zipzap Thu 27-Feb-14 21:07:53

Are you getting any help for your SPD?

I had it in both pregnancies; first time round midwives were very dismissive and I eventually got a couple of physio appointments in the last few weeks including a girdle/support belt thing that went around my hips and held the together which provided some relief.

2nd time around, different area. Mentioned it to midwife early on again (started around 12-14 weeks both times). She was sympathetic and immediately Referred me to physio who started appts a couple of weeks later. Got physio to knock me back into correct alignment, exercises and support belts (different as I got bigger), fortnightly sessions and although it hurt it didn't get anywhere near as bad as it did first time around.

I didn't need to walk very far nor was I at work which I'm sure would have exacerbated it further. If I had been, they would have given me crutches or a wheelchair - would having either of those help you? Even if you just had one at work it would help to remind others of your limitations and hopefully give you some relief.

And if you don't have a support belt - is there a friendly physio at work that could sort one out for you? My midwife was reluctant to refer me to the physio to get one on the basis of 'they don't work for everyone'. The physio however said they work for a hugely significant number of people (greater than 95%) and should always be tried as even if they don't help they can also stop it from getting any worse.

I was one of the ones that was helped by them and whist I was pregnant it was first thing I did in the morning - put it on. Choice between that and teeth brushing it would win every time if I was short of time - that's how important it became. (not a choice I needed to make very often thank goodness!)

Hope you get all the sorts of support you need sorted out very soon!

Rebuslover Fri 28-Feb-14 01:09:03

Agree with zipzap about seeking PT assessment and trying a belt, there are different ones to try too. The belt does not stop all he pain, it certainly works effectively enough to enable me to manage to get through the day (I am an nhs physio)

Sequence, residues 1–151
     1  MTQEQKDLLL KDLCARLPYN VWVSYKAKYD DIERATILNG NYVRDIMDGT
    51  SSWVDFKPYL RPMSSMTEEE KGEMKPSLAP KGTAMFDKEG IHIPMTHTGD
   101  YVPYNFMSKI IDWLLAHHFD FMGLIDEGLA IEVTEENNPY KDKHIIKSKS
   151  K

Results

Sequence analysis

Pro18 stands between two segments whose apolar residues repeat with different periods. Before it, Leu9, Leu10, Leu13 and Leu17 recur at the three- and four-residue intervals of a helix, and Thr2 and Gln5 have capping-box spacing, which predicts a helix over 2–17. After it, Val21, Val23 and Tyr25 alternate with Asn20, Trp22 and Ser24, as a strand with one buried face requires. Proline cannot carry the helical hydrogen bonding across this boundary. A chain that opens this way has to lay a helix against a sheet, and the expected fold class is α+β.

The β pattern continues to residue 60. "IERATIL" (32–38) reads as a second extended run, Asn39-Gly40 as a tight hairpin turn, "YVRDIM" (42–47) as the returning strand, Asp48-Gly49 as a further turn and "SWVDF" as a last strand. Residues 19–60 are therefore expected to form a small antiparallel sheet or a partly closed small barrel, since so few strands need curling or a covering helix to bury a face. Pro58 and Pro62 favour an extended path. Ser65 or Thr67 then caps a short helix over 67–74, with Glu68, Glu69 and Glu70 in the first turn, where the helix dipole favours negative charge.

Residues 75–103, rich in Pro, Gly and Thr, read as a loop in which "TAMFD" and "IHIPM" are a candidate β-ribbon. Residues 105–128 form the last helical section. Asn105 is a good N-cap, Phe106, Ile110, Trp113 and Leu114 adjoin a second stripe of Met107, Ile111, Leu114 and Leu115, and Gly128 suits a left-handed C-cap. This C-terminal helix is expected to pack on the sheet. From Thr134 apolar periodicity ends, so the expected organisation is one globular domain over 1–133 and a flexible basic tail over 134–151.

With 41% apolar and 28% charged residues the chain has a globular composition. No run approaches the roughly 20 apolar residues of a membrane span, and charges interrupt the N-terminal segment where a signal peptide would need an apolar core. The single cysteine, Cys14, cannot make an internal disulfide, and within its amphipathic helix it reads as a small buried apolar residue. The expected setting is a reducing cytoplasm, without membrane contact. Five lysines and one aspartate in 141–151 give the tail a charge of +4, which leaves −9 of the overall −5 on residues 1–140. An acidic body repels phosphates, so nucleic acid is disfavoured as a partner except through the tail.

Also think that liaising with occ Heath as you mentioned is a good plan- they may well have some ideas about possible modifications to role now you are in the third trimester. Feel better soon

SaggyOldClothCatPuss Fri 28-Feb-14 02:07:18

I'm a market trader and have horrible spd. I've been on mat leave since 33 weeks. I just couldn't do it any more without serious pain. I had a belt which helped somewhat but it just got too much. I could have been signed off but would only have got SSP so I just couldn't afford it.
Assuming that you arent work shy and looking for an excuse when not pg, then take the time off. You cant help being pg, hypermesis and SPD are pg related conditions and you can't be discriminated against for having them.
Get signed off and rest and don't worry.

RandomInternetStranger Fri 28-Feb-14 03:02:01

It's absolutely the right thing to do. SPD is ex irritating and 7 years after DD I still get the old twinges and seize up now and then. I'm dreading having it again this time round. Your baby and long term health is fat more important than a job being pissed off for taking justified sick leave.

RandomInternetStranger Fri 28-Feb-14 03:03:38

ps try the Red Cross. You can hire disabled aids. They were a godsend for me - wheelchair, crutches, shower stool, bar by the loo & bath. They were fantastic.

icklekid Fri 28-Feb-14 05:04:17

It sounds op like you are verh committed at work which is obviously commendable but you need ti put you and baby first. It sounds like as your short staffed and the experienced one work would struggle without You so they need to consider how to make that work. I saw a physio last week who was brilliant and whilst I have chosen not to have a support belt at the moment- only 21weeks and work are being flexible in your situation I would have.

You need to think I can either be here but will need to sit or I can't be here and consider what they would prefer? I had 3 weeks off to recover from back pain before they knew it was spd and was desperate to get back to work (primary school teacher so understand an active job!) But had to put baby first...